3. Graph processing recently received intensive interests in light of a wide range of needs to understand relationships. It is well-known for the poor locality and high memory bandwidth requirement. In conventional architectures, they incur a significant amount of data movements and energy consumption which motivates several hardware graph processing accelerators. The current graph processing accelerators rely on memory access optimizations or placing computation logics close to memory. Distinct from all existing approaches, we leverage an emerging memory technology to accelerate graph processing with analog computation. This paper presents GRAPHR, the first ReRAM-based graph processing accelerator. GRAPHR follows the principle of near-data processing and explores the opportunity of performing massive parallel analog operations with low hardware and energy cost. The analog computation is suitable for graph processing because: 1) The algorithms are iterative and could inherently tolerate the imprecision; 2) Both probability calculation (e.g., PageRank and Collaborative Filtering) and typical graph algorithms involving integers (e.g., BFS/SSSP) are resilient to errors. The key insight of GRAPHR is that if a vertex program of a graph algorithm can be expressed in sparse matrix vector multiplication (SpMV), it can be efficiently performed by ReRAM crossbar. We show that this assumption is generally true for a large set of graph algorithms. GRAPHR is a novel accelerator architecture consisting of two components: memory ReRAM and graph engine (GE). The core graph computations are performed in sparse matrix format in GEs (ReRAM crossbars). The vector/matrix-based graph computation is not new, but ReRAM offers the unique opportunity to realize the massive parallelism with unprecedented energy efficiency and low hardware cost. With small subgraphs processed by GEs, the gain of performing parallel operations overshadows the wastes due to sparsity. The experiment results show that GRAPHR achieves a 16.01X (up to 132.67X) speedup and a 33.82X energy saving on geometric mean compared to a CPU baseline system. Compared to GPU, GRAPHR achieves 1.69X to 2.19X speedup and consumes 4.77X to 8.91X less energy. GRAPHR gains a speedup of 1.16X to 4.12X, and is 3.67X to 10.96X more energy efficiency compared to PIM-based architecture.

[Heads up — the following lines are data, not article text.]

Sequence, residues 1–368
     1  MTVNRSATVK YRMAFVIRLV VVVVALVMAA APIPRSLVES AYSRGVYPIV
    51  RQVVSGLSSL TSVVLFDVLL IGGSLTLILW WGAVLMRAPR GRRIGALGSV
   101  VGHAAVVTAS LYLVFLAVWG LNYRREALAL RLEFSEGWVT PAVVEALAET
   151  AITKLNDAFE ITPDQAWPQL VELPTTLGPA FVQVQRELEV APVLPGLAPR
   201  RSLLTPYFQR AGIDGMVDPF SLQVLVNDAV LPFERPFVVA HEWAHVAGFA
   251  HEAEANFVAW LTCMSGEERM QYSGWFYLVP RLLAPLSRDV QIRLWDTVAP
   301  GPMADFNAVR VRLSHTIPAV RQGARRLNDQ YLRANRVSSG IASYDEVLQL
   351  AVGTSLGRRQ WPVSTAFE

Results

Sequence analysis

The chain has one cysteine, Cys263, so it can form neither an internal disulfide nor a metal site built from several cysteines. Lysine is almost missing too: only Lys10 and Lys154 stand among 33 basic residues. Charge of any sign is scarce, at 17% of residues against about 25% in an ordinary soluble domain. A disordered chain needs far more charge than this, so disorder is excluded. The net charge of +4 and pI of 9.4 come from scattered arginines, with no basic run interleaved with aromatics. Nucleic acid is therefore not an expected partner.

more » « less
  4. Finite-state automata serve as compute kernels for many application domains such as pattern matching and data analytics. Existing approaches on GPUs exploit three levels of parallelism in automata processing tasks: 1)~input stream level, 2)~automaton-level and 3)~state-level. Among these, only state-level parallelism is intrinsic to automata while the other two levels of parallelism depend on the number of automata and input streams to be processed. As GPU resources increase, a parallelism-limited automata processing task can underutilize GPU compute resources. To this end, we propose AsyncAP, a low-overhead approach that optimizes for both scalability and throughput. Our insight is that most automata processing tasks have an additional source of parallelism originating from the input symbols which has not been leveraged before. Making the matching process associated with the automata tasks asynchronous, i.e., parallel GPU threads start processing an input stream from different input locations instead of processing it serially, improves throughput significantly, and scales with input length. When the task does not have enough parallelism to utilize all the GPU cores, detailed evaluation across 12 evaluated applications shows that AsyncAP achieves up to 58× speedup on average over the state-of-the-art GPU automata processing engine. When the tasks have enough parallelism to utilize GPU cores, AsyncAP still achieves 2.4× speedup. 
    more » « less
  5. Graph neural networks (GNNs) have emerged as a powerful tool to process graph-based data in fields like communication networks, molecular interactions, chemistry, social networks, and neuroscience. GNNs are characterized by the ultra-sparse nature of their adjacency matrix that necessitates the development of dedicated hardware beyond general-purpose sparse matrix multipliers. While there has been extensive research on designing dedicated hardware accelerators for GNNs, few have extensively explored the impact of the sparse storage format on the efficiency of the GNN accelerators. This paper proposes SCV-GNN with the novel sparse compressed vectors (SCV) format optimized for the aggregation operation. We use Z-Morton ordering to derive a data-locality-based computation ordering and partitioning scheme. The paper also presents how the proposed SCV-GNN is scalable on a vector processing system. Experimental results over various datasets show that the proposed method achieves a geometric mean speedup of 7.96× and 7.04× over CSC and CSR aggregation operations, respectively. The proposed method also reduces the memory traffic by a factor of 3.29× and 4.37× over compressed sparse column (CSC) and compressed sparse row (CSR), respectively. Thus, the proposed novel aggregation format reduces the latency and memory access for GNN inference. 
    more » « less